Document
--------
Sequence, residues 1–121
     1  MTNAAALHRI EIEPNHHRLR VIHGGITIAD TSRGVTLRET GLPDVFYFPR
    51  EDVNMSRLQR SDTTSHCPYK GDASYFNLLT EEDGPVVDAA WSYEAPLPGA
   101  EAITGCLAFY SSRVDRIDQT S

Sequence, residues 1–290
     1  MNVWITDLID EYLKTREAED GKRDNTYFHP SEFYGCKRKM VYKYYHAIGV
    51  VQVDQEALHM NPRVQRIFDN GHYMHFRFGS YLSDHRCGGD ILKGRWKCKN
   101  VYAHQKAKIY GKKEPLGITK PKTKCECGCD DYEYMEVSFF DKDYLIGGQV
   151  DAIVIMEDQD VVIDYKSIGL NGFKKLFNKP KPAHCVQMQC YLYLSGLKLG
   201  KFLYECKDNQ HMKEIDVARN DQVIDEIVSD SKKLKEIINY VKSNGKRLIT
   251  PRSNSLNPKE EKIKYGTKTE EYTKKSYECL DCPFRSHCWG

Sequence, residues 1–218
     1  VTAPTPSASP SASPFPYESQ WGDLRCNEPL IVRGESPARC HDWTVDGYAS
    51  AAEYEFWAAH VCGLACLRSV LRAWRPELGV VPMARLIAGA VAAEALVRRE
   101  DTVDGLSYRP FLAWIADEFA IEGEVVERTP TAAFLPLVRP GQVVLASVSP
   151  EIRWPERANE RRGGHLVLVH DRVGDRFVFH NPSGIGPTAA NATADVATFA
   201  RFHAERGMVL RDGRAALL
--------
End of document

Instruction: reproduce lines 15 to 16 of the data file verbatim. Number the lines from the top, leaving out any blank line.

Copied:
   101  DTVDGLSYRP FLAWIADEFA IEGEVVERTP TAAFLPLVRP GQVVLASVSP
   151  EIRWPERANE RRGGHLVLVH DRVGDRFVFH NPSGIGPTAA NATADVATFA